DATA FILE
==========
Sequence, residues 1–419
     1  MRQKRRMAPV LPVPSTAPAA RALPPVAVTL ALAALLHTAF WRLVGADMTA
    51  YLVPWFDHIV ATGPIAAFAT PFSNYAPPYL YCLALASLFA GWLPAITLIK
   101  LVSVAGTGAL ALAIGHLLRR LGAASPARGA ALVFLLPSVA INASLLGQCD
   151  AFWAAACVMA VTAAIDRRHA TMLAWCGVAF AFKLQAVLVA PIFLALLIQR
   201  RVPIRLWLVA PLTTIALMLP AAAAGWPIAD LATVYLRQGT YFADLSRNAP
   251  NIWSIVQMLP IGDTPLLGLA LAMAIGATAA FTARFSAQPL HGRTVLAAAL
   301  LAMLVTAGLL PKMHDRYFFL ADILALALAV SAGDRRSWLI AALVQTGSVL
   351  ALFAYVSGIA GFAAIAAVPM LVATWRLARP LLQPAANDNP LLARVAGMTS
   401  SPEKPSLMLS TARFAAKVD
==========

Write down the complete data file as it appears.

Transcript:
Sequence, residues 1–419
     1  MRQKRRMAPV LPVPSTAPAA RALPPVAVTL ALAALLHTAF WRLVGADMTA
    51  YLVPWFDHIV ATGPIAAFAT PFSNYAPPYL YCLALASLFA GWLPAITLIK
   101  LVSVAGTGAL ALAIGHLLRR LGAASPARGA ALVFLLPSVA INASLLGQCD
   151  AFWAAACVMA VTAAIDRRHA TMLAWCGVAF AFKLQAVLVA PIFLALLIQR
   201  RVPIRLWLVA PLTTIALMLP AAAAGWPIAD LATVYLRQGT YFADLSRNAP
   251  NIWSIVQMLP IGDTPLLGLA LAMAIGATAA FTARFSAQPL HGRTVLAAAL
   301  LAMLVTAGLL PKMHDRYFFL ADILALALAV SAGDRRSWLI AALVQTGSVL
   351  ALFAYVSGIA GFAAIAAVPM LVATWRLARP LLQPAANDNP LLARVAGMTS
   401  SPEKPSLMLS TARFAAKVD